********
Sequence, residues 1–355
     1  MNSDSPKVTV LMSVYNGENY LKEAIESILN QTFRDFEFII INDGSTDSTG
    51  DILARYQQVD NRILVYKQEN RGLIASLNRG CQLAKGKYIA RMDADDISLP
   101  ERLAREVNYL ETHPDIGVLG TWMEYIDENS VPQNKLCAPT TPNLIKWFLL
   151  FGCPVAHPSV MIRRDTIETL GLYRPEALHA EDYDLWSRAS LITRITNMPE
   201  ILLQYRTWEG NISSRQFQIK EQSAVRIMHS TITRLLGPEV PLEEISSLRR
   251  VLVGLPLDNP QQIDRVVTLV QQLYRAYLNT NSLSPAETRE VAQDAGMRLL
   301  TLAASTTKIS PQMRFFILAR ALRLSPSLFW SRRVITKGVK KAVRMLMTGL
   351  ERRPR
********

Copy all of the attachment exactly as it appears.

Sequence, residues 1–355
     1  MNSDSPKVTV LMSVYNGENY LKEAIESILN QTFRDFEFII INDGSTDSTG
    51  DILARYQQVD NRILVYKQEN RGLIASLNRG CQLAKGKYIA RMDADDISLP
   101  ERLAREVNYL ETHPDIGVLG TWMEYIDENS VPQNKLCAPT TPNLIKWFLL
   151  FGCPVAHPSV MIRRDTIETL GLYRPEALHA EDYDLWSRAS LITRITNMPE
   201  ILLQYRTWEG NISSRQFQIK EQSAVRIMHS TITRLLGPEV PLEEISSLRR
   251  VLVGLPLDNP QQIDRVVTLV QQLYRAYLNT NSLSPAETRE VAQDAGMRLL
   301  TLAASTTKIS PQMRFFILAR ALRLSPSLFW SRRVITKGVK KAVRMLMTGL
   351  ERRPR